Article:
Ondansetron: small increased risk of oral clefts following use in the first 12 weeks of pregnancy

Recent epidemiological studies suggest exposure to ondansetron during the first trimester of pregnancy is associated with a small increased risk of the baby having a cleft lip and/or cleft palate.

Ondansetron: evidence and advice

Ondansetron (Zofran), a 5-HT3 receptor antagonist, is authorised for the management of nausea and vomiting induced by cytotoxic chemotherapy and radiotherapy (in adults and children older than 6 months) and for the prevention and treatment of nausea and vomiting after surgery (in adults and children older than 1 month).

Animal studies do not indicate direct or indirect harmful effects with respect to reproductive toxicity. There is a growing body of evidence on the use of ondansetron in pregnancy that does not suggest an increase in the risk of overall congenital malformations combined (for example publications[footnote 1] [footnote 2] [footnote 3]).

Recent epidemiological studies report a small increased risk of orofacial malformations in babies born to women who used ondansetron in early pregnancy.[footnote 1] [footnote 4] Key evidence was an observational study of 1.8 million pregnancies in the USA of which 88,467 (4.9%) were exposed to oral ondansetron during the first trimester of pregnancy. The study reported that ondansetron use was associated with an additional 3 oral clefts per 10,000 births (14 cases per 10,000 births versus 11 cases per 10,000 births in the unexposed population).[footnote 1] These data were recently reviewed within Europe and considered to be robust. As for all licensed medicines, the safety of ondansetron will be continuously monitored by the MHRA and relevant emerging information will be considered as it becomes available.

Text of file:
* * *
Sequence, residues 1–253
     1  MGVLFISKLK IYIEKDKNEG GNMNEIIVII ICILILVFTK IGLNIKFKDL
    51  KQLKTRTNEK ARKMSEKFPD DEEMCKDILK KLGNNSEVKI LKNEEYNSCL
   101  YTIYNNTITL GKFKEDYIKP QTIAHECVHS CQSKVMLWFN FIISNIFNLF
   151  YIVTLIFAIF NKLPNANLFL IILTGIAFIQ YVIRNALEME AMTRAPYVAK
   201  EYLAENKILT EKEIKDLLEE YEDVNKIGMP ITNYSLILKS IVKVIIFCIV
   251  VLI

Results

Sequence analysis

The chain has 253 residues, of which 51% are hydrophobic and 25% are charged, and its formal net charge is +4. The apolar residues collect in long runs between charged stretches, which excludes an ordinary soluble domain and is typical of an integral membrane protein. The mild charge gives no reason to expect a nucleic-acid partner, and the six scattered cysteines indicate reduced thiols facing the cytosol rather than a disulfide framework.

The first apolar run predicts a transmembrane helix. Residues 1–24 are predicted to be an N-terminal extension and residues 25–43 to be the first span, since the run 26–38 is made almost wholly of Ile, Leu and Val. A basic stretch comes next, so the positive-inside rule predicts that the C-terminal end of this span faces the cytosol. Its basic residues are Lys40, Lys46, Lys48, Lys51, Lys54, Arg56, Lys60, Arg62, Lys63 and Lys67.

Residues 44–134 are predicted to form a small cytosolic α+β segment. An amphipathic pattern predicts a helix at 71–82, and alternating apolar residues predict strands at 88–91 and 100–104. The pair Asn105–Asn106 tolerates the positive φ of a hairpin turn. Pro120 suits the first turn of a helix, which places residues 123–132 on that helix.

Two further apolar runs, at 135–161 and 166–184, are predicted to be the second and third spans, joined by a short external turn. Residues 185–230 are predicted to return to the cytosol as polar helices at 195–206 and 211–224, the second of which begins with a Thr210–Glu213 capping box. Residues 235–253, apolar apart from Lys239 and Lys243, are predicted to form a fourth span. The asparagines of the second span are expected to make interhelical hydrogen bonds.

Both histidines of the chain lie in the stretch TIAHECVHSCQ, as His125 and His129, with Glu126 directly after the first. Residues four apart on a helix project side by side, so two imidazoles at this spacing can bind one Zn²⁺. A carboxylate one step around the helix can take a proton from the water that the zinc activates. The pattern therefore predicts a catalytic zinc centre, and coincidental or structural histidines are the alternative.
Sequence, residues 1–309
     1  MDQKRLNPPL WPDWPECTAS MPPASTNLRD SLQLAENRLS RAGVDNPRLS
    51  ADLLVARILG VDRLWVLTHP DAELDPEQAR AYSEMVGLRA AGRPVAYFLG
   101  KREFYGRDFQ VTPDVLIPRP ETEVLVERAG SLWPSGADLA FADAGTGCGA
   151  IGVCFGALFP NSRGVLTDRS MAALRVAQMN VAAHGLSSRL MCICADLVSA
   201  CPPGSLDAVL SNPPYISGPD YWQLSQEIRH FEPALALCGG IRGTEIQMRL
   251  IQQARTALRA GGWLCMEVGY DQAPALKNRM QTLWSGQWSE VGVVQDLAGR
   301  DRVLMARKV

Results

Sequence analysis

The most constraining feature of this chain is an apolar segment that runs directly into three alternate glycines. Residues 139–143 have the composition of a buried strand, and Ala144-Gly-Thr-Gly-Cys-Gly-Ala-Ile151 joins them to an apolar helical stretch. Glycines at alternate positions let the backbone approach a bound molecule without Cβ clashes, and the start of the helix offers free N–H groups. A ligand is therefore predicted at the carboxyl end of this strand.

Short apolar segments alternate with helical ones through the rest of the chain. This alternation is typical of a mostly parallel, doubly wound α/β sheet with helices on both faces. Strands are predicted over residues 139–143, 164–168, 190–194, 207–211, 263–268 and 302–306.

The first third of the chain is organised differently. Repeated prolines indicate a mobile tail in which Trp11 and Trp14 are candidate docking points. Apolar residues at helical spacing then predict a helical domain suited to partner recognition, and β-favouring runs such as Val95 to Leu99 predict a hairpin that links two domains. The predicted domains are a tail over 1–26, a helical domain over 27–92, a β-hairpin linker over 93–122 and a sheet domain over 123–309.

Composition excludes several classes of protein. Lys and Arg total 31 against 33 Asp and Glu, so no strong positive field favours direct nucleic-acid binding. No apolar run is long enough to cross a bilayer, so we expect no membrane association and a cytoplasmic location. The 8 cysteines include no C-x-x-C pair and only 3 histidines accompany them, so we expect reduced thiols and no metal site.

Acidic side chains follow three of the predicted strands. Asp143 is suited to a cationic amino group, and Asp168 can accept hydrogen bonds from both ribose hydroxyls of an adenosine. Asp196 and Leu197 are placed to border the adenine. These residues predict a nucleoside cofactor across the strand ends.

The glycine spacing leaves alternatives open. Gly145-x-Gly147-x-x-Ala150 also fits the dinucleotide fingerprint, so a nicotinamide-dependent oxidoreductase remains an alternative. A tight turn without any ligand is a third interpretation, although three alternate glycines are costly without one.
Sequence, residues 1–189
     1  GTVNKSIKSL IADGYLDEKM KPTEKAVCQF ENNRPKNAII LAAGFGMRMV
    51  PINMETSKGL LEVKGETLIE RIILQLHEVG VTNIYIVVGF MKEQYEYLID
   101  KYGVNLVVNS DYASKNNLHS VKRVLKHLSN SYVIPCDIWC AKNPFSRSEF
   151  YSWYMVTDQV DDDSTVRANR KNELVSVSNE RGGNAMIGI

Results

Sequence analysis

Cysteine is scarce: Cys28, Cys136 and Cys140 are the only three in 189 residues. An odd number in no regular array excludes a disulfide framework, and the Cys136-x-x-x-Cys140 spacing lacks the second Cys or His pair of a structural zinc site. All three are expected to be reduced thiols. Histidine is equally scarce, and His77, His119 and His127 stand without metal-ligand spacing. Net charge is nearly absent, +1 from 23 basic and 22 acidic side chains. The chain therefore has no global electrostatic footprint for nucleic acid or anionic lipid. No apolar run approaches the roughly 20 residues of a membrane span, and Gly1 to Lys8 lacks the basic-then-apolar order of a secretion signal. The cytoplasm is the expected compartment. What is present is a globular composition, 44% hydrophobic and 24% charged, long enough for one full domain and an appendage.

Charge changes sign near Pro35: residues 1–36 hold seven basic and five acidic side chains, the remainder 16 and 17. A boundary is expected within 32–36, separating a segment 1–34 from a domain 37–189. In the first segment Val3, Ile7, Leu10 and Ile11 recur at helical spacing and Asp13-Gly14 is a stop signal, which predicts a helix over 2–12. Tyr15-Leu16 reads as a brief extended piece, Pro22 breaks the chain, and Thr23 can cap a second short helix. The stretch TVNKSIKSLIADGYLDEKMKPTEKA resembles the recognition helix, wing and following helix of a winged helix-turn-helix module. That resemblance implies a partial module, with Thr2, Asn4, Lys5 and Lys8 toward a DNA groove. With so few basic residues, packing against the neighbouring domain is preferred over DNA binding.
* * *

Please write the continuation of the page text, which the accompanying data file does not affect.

Outside of its authorised indications, ondansetron is also used second line for treating women with hyperemesis gravidarum, a severe and potentially life-threatening condition.[footnote 5] If a physician considers, based on their professional judgement, the available evidence and the risks for mother and baby of malnutrition in early pregnancy, that a licensed treatment (for example doxylamine/pyridoxine, Xonvea[footnote 6]) is not suitable or not sufficient alone to control severe nausea and vomiting in pregnancy, and there is a special clinical need to use ondansetron, then this decision should be made in consultation with the patient after she has been fully informed of the potential benefits and risks of the different treatment options.

Prescribers should refer to clinical guidance if treatment with ondansetron is considered for severe nausea and vomiting in pregnancy.[footnote 5]

Detailed findings of studies

A retrospective cohort study[footnote 1] of a medical claims database in the USA included 1,816,414 pregnancies between 2000 and 2013, of which 88,467 (4.9%) were associated with a prescription of ondansetron during the first trimester. Exposure to ondansetron during the first 12 weeks of pregnancy was linked with a small but statistically significant increased risk of orofacial cleft defects (adjusted relative risk [aRR] 1.24, 95% CI 1.03–1.48).